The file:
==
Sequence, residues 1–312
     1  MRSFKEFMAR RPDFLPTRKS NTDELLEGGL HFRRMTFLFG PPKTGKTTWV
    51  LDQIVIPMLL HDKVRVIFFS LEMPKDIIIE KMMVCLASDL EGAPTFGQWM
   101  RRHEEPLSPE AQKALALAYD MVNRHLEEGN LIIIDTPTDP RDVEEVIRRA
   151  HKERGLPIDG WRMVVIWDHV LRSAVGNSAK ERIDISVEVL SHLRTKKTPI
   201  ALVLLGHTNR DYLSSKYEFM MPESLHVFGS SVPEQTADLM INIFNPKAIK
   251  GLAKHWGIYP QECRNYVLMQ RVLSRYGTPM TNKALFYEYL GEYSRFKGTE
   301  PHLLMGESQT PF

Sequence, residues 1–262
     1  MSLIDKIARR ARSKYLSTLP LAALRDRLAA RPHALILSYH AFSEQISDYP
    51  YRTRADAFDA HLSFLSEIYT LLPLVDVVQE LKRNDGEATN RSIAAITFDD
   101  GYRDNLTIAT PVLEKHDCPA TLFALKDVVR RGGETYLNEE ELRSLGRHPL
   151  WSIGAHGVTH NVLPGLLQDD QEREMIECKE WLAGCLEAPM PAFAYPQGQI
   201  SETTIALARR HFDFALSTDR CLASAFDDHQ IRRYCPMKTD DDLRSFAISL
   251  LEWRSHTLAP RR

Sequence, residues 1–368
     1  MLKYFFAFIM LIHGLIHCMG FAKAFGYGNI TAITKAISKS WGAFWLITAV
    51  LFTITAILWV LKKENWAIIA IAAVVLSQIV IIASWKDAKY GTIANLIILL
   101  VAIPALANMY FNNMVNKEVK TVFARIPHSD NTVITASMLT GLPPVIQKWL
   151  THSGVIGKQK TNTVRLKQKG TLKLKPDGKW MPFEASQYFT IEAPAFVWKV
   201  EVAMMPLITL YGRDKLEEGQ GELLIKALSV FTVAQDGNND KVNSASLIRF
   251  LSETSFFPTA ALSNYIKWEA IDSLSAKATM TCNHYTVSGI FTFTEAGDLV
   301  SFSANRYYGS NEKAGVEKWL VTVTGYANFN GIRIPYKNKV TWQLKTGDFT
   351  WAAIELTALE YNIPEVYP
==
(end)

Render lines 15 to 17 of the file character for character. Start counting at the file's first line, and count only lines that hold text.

   251  LEWRSHTLAP RR

Sequence, residues 1–368
     1  MLKYFFAFIM LIHGLIHCMG FAKAFGYGNI TAITKAISKS WGAFWLITAV